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Thought for the day - So you think you know the rules?

I want to test some ideas for articles prepared for the MYA web site. They feature the rules situation at the windward mark. The situations were designed by me and the interpretation of the rules by David Lees from London Round Pond and experienced rules judge.


The first three articles are designed to look at the situations from a protest committee point of view highlighting all the rules that apply. The aim then is to offer tactical advice so that one does not need to carry the detail of the rules in your head but you know whether you are safe or not in any situation.


I chose the windward mark as this is where the fleet first crowds together. In the first scenario two boats approach the windward from outside the zone on starboard.


The second scenario, the boats enter the zone on opposite tacks and the port tack boat is able to tack inside the starboard to round the mark and the third scenario is the same as two but there is no room for the port boat.


Here is the first article






Blue and purple enter the zone on starboard with the boats overlapped. Purple shouts you have no rights but Blue luffs head to wind to round the mark and hits purple who forces blue into the mark.


Both protest. How would you decide who takes a penalty? Try writing your answer down before you read below.


How do the rules apply


At the start of the situation in position 1, Rule 11 applies, and purple must keep clear of blue as the windward boat. Blue will only lose her right of way if she manoeuvres beyond head to wind as in rule 13. As blue approaches the mark she has mark room as the inside boat in Rule 18.2 and starts to luff smoothly to head to wind to round the mark giving Purple ample opportunity to keep clear and thus avoid breaching rule 16. Purple shouts you have no rights to luff head to wind, holds course and hits blue pushing blue into the mark in breach of rule 14.


At all stages, blue is the right of way boat being leeward boat and requiring mark room from purple. The act of blue luffing head to wind changes nothing as she is at all times the overlapped leeward boat but if she passed through head to wind, she would lose all rights.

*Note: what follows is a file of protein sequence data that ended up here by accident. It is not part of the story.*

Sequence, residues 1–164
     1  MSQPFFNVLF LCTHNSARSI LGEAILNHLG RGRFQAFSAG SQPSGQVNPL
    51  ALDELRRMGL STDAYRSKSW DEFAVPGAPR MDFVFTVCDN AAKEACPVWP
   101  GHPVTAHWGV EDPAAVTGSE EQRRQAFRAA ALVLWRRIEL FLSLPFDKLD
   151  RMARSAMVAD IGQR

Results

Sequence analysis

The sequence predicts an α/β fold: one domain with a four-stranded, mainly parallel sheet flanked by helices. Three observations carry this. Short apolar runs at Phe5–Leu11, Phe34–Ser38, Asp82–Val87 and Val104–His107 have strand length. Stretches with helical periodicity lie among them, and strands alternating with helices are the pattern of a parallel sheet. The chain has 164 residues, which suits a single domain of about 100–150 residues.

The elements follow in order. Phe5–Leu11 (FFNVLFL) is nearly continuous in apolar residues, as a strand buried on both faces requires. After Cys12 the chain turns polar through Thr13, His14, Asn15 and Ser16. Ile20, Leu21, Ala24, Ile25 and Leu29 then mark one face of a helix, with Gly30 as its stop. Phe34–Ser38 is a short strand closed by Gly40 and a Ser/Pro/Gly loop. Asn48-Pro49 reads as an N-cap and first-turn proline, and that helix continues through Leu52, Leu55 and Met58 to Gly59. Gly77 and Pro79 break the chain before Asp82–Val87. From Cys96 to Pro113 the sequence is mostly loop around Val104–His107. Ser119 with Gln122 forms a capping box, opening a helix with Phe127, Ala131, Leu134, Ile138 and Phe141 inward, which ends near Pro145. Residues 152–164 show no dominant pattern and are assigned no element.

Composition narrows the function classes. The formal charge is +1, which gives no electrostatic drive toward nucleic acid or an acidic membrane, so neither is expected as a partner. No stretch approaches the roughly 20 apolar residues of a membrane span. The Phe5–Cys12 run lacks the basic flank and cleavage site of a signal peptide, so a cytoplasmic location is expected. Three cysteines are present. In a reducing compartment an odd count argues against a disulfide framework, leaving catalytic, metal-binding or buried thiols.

Here are the relevant rules which I quote in full for the elimination of any doubt:

Rule 11 On same tack overlapped When boats are on the same tack and overlapped, a windward boat shall keep clear of a leeward boat.

Rule 13 WHILE TACKING

After a boat passes head to wind, she shall keep clear of other boats until she is on a close-hauled course. During that time rules 10, 11 and 12 do not apply. If two boats are subject to this rule at the same

Rule 14 Avoiding contact A boat shall avoid contact with another boat if reasonably possible. However, a right-of-way boat, or one sailing within the room or mark-room to which she is entitled, need not act to avoid contact until it is clear that the other boat is not keeping clear or giving room or mark-room.

Rule 16 Changing course When a right-of-way boat changes course, she shall give the other boat room to keep clear.

Rule 18.2 Giving Mark-Room

1. (a) When boats are overlapped the outside boat shall give the inside boat mark-room, unless rule 18.2(b) applies.

2. (b) If boats are overlapped when the first of them reaches the zone, the outside boat at that moment shall thereafter give the inside boat mark-room. If a boat is clear ahead when she reaches the zone, the boat clear astern at that moment shall thereafter give her mark-room.

Rule 43 EXONERATION

43.1

(a) When as a consequence of breaking a rule a boat has compelled another boat to break a rule, the other boat is exonerated for her breach.

(b) When a boat is sailing within the room or mark-room to which she is entitled and, as a consequence of an incident with a boat required to give her that room or mark-room, she breaks a rule of Section A of Part 2, rule 15, 16, or 31, she is exonerated for her breach.

Purple forces a collision and as windward boat will receive the penalty. Blue being forced the mark is exonerated as per 43.1 (a) and receives no penalty.


When we are sailing you cannot think of the rules in this way as there is no time, however when it comes to a protest this is the level of detail the protest committee will go to. What is important to work out is in each situation you encounter, whether you hold right of way and if not, what are your obligations to keep clear.


The best sailors avoid conflict at all costs but you can be sure in a tight situation, they know the rules inside out. Do You?






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